A brick-by-brick curriculum model lays the foundation for some of the most advanced STEM students in the country. Lindsey Schutters visits Curro – a science and technology school of note.
Christo Spies is a maths and science teacher who has only quite recently taken up the mantle as the robotics teacher at Curro’s founding Durbanville school. He is also quite obviously Afrikaans. Not that his English is lacking, but rather he has to translate information twice in his mind before unleashing a new term on his students. It will happen in a split second, but Spies will see an object – say, a Lego brick – then recognise it in his mind. Now he has to sort through his vocabulary for a suitable word. “Baksteen” is a direct translation, but “blokkie” more accurately conveys the concept. Now Mr Spies needs to translate back to English and then repeat himself in Afrikaans to make sure everyone understands.
Kicking off with Lego at Curro
Despite the field of study not being fully considered in his native tongue and despite it being a specialised subject, he does a cracking job at it. The children are fully engaged throughout the lesson. Today’s lesson is about line following and the children are doing a lot better than I would. I’m in the Grade 5 class with an age range between 10 and 12 years. It’s still very much the foundation phase of Curro’s science masterplan which starts as early as Grade one.
Tony Williams, Curro project manager for IT and robotics, lays out the strategy. “The kids start in Grade 1 and 2 with the big blocks and then Lego bricks, moving on to the WeDo (also Lego) system in Grade 3.” Grade 3 children design games in the MIT-developed and Java-based Scratch language alongside the basic picture recipe coding they are exposed to with the WeDo system. These coding basics prepare their minds for the more advanced coding. They will encounter this from Grade 4 to 7 when they move to Lego’s Mindstorms platform.
From beginner to master
Even then, at Lego Mindstorm level, the progression is steady. First building simple robots and programming basic movements, then learning about sensors and finally combining that knowledge into coding robots to accomplish complex tasks. The line-follower script relies on the robot’s light sensor to keep it on the black line and the robot is set off to follow its coding at the press of a button, or a pressure sensor. In Grades 7, 8 and 9, robotics is voluntary and children can choose to join a club. These children will also compete in the World Robotics Olympiad, which these robotics classes follow closely and prepare them for.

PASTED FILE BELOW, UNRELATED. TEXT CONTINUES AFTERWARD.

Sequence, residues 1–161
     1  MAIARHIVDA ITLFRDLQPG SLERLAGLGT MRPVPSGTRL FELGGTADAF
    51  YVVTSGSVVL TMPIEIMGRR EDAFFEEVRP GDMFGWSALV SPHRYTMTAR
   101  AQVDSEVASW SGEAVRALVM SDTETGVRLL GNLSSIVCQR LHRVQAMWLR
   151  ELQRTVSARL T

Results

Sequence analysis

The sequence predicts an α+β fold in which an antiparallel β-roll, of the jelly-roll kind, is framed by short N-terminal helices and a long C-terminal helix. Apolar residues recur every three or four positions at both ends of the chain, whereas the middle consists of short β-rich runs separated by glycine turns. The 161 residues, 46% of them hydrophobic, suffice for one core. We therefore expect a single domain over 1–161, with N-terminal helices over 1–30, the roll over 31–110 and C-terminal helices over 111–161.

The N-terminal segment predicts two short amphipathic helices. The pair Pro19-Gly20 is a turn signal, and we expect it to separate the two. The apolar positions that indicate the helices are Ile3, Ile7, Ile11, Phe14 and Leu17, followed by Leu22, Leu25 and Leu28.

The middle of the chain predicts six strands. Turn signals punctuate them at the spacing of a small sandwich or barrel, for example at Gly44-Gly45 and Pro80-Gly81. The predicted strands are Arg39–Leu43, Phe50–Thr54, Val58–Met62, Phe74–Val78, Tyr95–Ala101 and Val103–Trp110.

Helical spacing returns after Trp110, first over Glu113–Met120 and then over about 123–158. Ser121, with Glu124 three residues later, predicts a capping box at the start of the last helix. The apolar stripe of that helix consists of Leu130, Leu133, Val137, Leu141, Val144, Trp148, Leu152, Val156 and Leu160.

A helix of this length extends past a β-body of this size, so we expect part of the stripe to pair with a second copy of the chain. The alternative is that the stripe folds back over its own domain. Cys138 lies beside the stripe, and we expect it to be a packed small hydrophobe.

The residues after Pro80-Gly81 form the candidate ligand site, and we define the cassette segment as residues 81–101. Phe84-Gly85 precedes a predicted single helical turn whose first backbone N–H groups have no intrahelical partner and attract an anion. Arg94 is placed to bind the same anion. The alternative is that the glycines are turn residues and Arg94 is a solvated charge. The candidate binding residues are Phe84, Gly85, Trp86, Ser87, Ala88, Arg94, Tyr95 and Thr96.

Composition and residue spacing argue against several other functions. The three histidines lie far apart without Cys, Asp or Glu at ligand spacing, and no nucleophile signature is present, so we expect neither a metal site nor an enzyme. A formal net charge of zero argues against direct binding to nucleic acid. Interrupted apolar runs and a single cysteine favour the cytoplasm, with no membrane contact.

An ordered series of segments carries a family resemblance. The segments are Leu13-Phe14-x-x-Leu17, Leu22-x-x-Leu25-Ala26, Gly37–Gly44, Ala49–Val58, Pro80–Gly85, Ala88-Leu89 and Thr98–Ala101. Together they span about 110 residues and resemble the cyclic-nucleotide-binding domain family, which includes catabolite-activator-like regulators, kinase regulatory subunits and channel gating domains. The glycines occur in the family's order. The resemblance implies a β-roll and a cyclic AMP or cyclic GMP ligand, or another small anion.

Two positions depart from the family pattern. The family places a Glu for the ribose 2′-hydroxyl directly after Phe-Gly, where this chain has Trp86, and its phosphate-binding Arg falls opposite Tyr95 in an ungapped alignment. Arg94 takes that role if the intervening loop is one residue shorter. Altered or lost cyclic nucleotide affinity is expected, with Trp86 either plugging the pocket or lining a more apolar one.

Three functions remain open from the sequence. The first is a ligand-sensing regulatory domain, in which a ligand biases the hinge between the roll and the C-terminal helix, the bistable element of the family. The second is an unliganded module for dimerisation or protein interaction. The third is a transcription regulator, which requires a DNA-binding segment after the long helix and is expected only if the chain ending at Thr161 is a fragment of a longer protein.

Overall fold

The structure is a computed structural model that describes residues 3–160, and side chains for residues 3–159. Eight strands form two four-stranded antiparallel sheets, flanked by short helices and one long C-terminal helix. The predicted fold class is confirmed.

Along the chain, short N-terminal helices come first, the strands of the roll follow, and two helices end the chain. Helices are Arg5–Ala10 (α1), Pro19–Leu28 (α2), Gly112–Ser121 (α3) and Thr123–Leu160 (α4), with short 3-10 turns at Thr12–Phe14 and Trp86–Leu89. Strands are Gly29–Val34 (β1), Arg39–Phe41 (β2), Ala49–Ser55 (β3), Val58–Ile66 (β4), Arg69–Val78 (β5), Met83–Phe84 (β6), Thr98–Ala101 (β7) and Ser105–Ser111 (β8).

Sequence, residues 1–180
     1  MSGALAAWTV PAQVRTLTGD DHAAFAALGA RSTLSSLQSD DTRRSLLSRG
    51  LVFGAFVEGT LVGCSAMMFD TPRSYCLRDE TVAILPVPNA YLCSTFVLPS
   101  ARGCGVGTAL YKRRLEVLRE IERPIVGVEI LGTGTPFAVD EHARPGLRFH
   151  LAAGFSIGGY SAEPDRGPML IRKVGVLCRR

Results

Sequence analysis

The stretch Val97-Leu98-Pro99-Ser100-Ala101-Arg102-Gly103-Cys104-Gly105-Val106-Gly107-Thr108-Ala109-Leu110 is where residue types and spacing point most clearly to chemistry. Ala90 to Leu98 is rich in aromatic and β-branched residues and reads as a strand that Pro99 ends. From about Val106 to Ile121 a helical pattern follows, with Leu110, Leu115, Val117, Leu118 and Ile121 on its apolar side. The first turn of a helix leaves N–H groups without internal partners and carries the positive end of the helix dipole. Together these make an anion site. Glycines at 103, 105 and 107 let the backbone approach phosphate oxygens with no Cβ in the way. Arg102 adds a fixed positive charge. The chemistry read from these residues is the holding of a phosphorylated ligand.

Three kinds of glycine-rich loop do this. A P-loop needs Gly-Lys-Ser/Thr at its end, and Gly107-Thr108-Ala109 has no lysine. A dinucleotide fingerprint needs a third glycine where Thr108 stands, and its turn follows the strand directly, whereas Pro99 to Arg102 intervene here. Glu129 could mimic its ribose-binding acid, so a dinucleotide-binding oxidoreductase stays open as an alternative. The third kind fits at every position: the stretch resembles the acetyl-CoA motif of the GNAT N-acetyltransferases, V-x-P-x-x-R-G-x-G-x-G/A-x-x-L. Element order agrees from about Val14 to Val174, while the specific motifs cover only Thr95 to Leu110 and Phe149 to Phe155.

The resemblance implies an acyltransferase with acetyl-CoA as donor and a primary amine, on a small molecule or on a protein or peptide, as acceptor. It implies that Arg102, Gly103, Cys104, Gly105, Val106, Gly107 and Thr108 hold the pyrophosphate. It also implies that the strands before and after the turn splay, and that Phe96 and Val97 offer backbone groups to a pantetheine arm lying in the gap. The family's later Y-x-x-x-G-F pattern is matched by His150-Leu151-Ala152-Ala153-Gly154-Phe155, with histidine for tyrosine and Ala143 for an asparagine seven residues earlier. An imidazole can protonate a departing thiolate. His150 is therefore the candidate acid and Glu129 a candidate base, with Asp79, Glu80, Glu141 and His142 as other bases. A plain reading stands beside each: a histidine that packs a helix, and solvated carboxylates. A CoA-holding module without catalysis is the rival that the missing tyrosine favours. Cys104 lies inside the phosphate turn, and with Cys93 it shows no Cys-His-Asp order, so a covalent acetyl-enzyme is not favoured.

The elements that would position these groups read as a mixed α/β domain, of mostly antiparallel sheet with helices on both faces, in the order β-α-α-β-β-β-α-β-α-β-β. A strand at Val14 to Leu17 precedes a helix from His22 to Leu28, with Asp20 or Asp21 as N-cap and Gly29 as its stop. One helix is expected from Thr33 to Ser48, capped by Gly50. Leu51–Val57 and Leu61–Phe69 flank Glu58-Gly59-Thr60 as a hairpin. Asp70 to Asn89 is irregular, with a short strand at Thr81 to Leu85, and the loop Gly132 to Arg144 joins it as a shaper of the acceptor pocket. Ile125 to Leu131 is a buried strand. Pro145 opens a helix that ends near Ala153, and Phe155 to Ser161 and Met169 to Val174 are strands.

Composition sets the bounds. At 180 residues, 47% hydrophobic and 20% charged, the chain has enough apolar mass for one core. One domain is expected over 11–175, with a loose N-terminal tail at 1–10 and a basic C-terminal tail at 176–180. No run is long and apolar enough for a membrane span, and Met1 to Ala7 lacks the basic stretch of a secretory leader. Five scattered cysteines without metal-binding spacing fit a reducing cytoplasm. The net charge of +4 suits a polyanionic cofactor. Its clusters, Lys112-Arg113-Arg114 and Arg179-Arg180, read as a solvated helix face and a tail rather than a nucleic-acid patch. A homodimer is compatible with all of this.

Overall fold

A couple of Curro kids have represented South Africa and those kids have gone on to score well in other international programming competitions. At junior high school level (Grades 7, 8 and 9), the students fur-ther develop their understanding of sensors before applying that knowledge to rocketry and even launch a CanSat. Though this is all fantastic, the school does have its eye on the ex-pected outcomes set by the government. Curro must still comply with the Independent Education Board’s standards. Matriculants also need to pass the national exam in order to achieve their certificate and be eligible to study at university.
The foundations of science and technology
Jaco de Kock is the science and technology subject expert at the Curro Centre for Educational Excellence (CCEE) and he is passionate about the solid foundation Curro kids get before they need to start concentrating on the national exam. “You don’t really have space to move (within the curriculum) in Grade 10, 11 and 12, so you have to trust your teachers. They rush through a year when they need to touch on all the different topics. So we focus more on Grade 7, 8 and 9 and try to strengthen the weakspots (within the Curro curriculum) and look for duplication. For instance, there’s duplication in electricity in natural sciences and technology, so you can save some time by focusing on scientific principles in natural science and then taking a more practical approach on the technology side.”
Adapting to change